This Naturally Sweetened Flan Is Still Rich And Creamy
Maple syrup takes the place of granulated sugar in this flan recipe, making it a great substitute for this traditional dessert.
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*This recipe appears in the Naturally Sweet cookbook from America’s Test Kitchen
Flan is a rich, custardy dessert with a deep toffee flavor and a uniformly silky texture; what sets it apart from other custards is its caramel layer, which bakes along with the custard and glazes the flan after baking. But most recipes we’ve tried are cloyingly sweet, the custard is heavy and dense, and there’s an unappealing thick “skin” on the top after baking.
For our naturally-sweetened version, we started by cutting the sugar from a whopping 45 grams per serving to a more modest 22 grams by swapping the usual granulated sugar for a smaller amount of maple syrup. We loved the unique flavor that maple syrup brought to our flan, and we had no problem making a caramel out of the syrup: We simply cooked the syrup on the stovetop for 5 minutes to thicken it to a caramel-like consistency.
To make the custard, many traditional recipes call for sweetened condensed milk—a nonstarter in our low-sugar recipe. Instead, we opted to make a custard using half-and-half, eggs and egg yolks, and a bit more maple syrup, a combination which produced a rich flavor while maintaining a silky smooth texture.
To prevent an unsightly “skin,” we baked the flan in a water bath so that it would cook gently, and we covered the pan with foil during baking to avoid exposing the custard to direct heat.
While traditional flan is often baked in a round cake pan, we found that switching to a loaf pan produced a sturdier, more statuesque flan. For safety, be sure to use a tall-sided saucepan to cook the maple syrup in step one. The test kitchen’s preferred loaf pan measures 8 ½ by 4 ½ inches; if you use a 9 by 5-inch loaf pan, start checking for doneness 10 minutes earlier than advised in the recipe.
Maple Flan Recipe
3/4 cup maple syrup
3 large eggs plus 4 large yolks
3 cups half-and-half
1 tablespoon vanilla extract
1/2 teaspoon salt
- Bring ½ cup maple syrup to simmer in small saucepan over medium heat. Once simmering, cook, stirring occasionally, until syrup reaches 260 degrees and smells slightly burnt, 5 to 8 minutes. Carefully pour syrup into 8 ½ by 4 ½ -inch loaf pan and tilt pan to coat bottom evenly.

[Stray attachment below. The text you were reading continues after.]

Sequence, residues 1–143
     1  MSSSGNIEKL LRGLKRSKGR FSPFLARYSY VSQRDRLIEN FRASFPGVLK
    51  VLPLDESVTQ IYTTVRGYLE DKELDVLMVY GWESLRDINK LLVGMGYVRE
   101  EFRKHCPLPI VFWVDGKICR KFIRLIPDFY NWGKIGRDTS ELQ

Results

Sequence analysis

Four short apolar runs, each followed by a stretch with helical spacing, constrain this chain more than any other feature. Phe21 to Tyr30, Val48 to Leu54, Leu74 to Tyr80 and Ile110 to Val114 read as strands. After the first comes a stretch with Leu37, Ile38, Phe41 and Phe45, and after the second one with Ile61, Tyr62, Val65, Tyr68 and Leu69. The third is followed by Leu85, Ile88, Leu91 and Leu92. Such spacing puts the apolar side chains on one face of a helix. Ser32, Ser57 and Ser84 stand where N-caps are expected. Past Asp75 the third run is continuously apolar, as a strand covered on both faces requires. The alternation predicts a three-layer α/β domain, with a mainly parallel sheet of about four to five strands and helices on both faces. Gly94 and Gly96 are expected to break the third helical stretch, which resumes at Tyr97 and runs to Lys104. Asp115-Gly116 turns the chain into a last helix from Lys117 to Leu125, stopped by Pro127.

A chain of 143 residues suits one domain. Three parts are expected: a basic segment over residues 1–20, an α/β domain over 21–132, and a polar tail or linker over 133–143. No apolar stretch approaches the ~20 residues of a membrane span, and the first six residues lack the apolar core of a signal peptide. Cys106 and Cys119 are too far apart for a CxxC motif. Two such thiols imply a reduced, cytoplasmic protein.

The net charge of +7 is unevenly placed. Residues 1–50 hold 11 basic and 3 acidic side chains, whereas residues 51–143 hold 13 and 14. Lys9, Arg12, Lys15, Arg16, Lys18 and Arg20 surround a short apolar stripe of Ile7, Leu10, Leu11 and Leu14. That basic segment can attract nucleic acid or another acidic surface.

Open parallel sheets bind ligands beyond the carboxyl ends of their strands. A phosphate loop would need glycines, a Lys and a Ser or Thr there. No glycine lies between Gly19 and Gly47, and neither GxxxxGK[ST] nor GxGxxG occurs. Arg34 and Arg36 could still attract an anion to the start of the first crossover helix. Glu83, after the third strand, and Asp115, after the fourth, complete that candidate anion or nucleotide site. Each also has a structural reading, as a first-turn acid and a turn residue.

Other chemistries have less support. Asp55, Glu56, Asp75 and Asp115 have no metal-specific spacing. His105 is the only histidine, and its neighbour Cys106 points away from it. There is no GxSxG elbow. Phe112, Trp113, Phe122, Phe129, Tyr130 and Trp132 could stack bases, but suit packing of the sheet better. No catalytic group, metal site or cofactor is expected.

- Adjust oven rack to middle position and heat oven to 300 degrees. Line bottom of 13 by 9-inch baking pan with dish towel and bring kettle of water to boil.
- Whisk eggs and yolks and remaining ¼ cup maple syrup together in large bowl. Combine half-and-half, vanilla, and salt in medium saucepan and heat over medium heat until just steaming, about 6 minutes. Slowly whisk warmed half-and-half mixture into egg mixture until well combined. Strain through fine-mesh strainer directly into loaf pan with caramel.
- Cover loaf pan tightly with aluminum foil, place in prepared baking pan, and transfer to oven. Carefully pour enough boiling water into baking pan to reach halfway up sides of pan. Bake until center of custard jiggles slightly when shaken and registers 180 degrees, about 1 hour.
- Transfer pans to wire rack. Remove foil but leave custard in water bath until loaf pan has cooled completely, about 1 hour. Remove loaf pan from water bath, cover with plastic wrap, and refrigerate until chilled and firm, at least 30 minutes or up to 4 days.
- To unmold, run paring knife around edges of pan. Invert serving platter on top of pan, then turn pan and platter over. When flan is released, remove loaf pan. Using rubber spatula, scrape residual caramel onto flan. Slice and serve.
Before: 45 grams sugar → After: 22 grams sugar